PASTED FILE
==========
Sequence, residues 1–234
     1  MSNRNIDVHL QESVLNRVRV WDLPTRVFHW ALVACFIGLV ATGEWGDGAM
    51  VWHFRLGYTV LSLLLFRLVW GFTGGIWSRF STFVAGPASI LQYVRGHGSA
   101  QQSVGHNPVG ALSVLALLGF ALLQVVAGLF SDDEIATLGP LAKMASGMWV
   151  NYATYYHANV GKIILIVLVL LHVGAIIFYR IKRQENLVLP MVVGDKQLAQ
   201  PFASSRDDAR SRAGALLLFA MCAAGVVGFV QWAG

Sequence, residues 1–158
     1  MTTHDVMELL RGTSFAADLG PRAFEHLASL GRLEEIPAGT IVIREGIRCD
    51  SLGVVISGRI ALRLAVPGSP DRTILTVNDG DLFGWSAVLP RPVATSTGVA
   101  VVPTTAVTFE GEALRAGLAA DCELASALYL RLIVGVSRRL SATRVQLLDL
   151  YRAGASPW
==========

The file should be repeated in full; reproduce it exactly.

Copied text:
Sequence, residues 1–234
     1  MSNRNIDVHL QESVLNRVRV WDLPTRVFHW ALVACFIGLV ATGEWGDGAM
    51  VWHFRLGYTV LSLLLFRLVW GFTGGIWSRF STFVAGPASI LQYVRGHGSA
   101  QQSVGHNPVG ALSVLALLGF ALLQVVAGLF SDDEIATLGP LAKMASGMWV
   151  NYATYYHANV GKIILIVLVL LHVGAIIFYR IKRQENLVLP MVVGDKQLAQ
   201  PFASSRDDAR SRAGALLLFA MCAAGVVGFV QWAG

Sequence, residues 1–158
     1  MTTHDVMELL RGTSFAADLG PRAFEHLASL GRLEEIPAGT IVIREGIRCD
    51  SLGVVISGRI ALRLAVPGSP DRTILTVNDG DLFGWSAVLP RPVATSTGVA
   101  VVPTTAVTFE GEALRAGLAA DCELASALYL RLIVGVSRRL SATRVQLLDL
   151  YRAGASPW